The Government’s 7 Key Principles that will guide the Social Care Green Paper
Later this year the Government will publish a Green Paper on Social Care. This comes at a very challenging time for the industry. The Care Quality Commission has highlighted severe challenges in the last two ‘State of Care’ reports with funding and provider failures. In the age of integrated health and care, the NHS fairs arguably worse. The performance against the ‘4 hour target’ in accident and emergency is rarely achieved and this overworked department is often taking away key staff that affects planned operations and outpatient services.
So against this background, the Government have released the principles that will underpin the thinking on reform:
- Whole-person integrated care
- Respect and nurture the workforce
- Supporting families and carers
- Sustainable funding
- Security for all
That you would expect quality from your care is a given and this is going to be driven forward in much the same way that it is now – through regulation and inspection.
Jeremy Hunt has announced more pilots around joint health and social care assessment. The policy is welcome and makes sense in principle, but some critics say that in practice the additional funds can be diverted (The Kings Fund, for example, found that monies were used to reduce hospital debt).
Furthering the personalisation agenda. The Government quote that only 1 in 6 older people take their support as a direct payment and they want to ‘turbo charge’ this by making it ‘the norm and not the exception’.
There will be a 10 year workforce strategy for the NHS and social care. This is designed to improve retention, recruitment and opportunity.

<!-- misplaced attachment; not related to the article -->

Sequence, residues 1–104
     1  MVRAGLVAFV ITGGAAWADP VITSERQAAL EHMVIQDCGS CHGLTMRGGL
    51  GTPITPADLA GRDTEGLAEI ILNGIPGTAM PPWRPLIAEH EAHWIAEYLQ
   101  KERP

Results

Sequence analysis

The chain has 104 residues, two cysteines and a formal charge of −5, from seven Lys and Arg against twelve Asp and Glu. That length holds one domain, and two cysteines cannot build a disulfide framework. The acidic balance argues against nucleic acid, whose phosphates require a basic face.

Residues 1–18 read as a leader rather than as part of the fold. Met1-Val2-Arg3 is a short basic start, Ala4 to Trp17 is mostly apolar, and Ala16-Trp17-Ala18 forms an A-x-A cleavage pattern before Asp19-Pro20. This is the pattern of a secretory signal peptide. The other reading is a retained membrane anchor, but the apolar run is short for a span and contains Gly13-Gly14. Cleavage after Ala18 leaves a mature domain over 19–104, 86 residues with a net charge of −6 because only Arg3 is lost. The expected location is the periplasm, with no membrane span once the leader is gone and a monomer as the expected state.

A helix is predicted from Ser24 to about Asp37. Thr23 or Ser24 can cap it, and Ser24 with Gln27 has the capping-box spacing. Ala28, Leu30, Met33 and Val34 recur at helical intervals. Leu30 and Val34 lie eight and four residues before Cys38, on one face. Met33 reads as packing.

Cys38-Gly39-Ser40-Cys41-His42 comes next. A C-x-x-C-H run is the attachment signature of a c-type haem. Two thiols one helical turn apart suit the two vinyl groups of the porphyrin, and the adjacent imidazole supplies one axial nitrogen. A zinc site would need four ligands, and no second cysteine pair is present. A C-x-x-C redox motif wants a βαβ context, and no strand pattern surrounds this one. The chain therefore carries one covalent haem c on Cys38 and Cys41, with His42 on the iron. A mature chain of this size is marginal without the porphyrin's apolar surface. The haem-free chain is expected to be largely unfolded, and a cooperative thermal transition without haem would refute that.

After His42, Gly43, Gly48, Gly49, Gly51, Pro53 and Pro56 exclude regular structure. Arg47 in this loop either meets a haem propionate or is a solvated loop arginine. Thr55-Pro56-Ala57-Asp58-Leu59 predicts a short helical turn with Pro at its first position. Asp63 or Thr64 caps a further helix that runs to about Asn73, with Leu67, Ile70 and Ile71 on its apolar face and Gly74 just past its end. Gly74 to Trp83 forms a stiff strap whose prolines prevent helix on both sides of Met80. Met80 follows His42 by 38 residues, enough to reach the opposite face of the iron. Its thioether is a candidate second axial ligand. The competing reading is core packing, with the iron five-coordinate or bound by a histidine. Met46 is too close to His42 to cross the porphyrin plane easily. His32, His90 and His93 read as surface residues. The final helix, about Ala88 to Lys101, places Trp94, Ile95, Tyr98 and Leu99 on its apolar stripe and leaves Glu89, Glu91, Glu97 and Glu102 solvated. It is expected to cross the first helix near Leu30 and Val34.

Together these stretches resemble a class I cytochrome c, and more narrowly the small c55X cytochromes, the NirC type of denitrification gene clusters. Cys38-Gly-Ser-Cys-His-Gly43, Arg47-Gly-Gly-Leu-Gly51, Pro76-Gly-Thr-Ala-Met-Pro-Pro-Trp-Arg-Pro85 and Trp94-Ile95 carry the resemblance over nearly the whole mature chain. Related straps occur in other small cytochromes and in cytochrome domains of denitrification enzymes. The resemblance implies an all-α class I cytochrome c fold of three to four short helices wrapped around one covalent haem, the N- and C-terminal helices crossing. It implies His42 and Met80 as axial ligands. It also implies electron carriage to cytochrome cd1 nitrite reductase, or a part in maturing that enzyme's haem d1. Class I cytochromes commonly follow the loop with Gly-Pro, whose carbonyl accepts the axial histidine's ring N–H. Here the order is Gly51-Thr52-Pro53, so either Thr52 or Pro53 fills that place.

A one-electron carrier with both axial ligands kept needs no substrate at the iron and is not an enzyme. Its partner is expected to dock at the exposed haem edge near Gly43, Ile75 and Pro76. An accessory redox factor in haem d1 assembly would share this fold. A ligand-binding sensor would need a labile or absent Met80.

Supporting Families and Carers
The Government states that they will make carers central to the social care strategy, although there is little substance at the moment about what this will mean. There has been a consultation period and an action plan published ahead of the Green Paper to support carers.
This is the big one. Anyone who knows anything about health and social care knows that the current model is not working and we need innovation and a new funding model for the future. The Government is promising no excuses and a ‘jump-start’ to that debate
Security for All
The Government’s election campaign included an element of risk-pooling for elderly care and this principle is about delivering upon that campaign promise.
The release of the principles has had a mixed reception. Margaret Willcox of ADASS stated “Whilst it’s positive the adult social care green paper will look at the adult social care workforce, we must be clear – the challenges social care teams face are happening to our communities now, and urgent and interim funding is needed to address this shortfall right away.”
Lord Porter of the LGA commented ““The ‘seven pillars’ of the green paper reflect what we have long-called for, however, government should resist the temptation for major system reform,” he said. “Missing is the funding to turn that vision into reality”. “Appropriate funding must be the overriding priority for the green paper and we hope its broad scope will not detract from this focus,”
Vic Rayner, Chief Executive of the National Care Forum responded ““NCF welcomes the ambition and intent contained in yesterday’s speech by Jeremy Hunt. It is crucially important that he has recognised that doing nothing is not an option. Of course, it is vital that future funding solutions are found. The principles outlined by which this should be judged are sound, however, over a sustained period, the sector has heard and engaged with multiple attempts to bring this to bear fruit. It is imperative for everyone using services today, and who will need them in the future that these fine principles gain traction – fast.”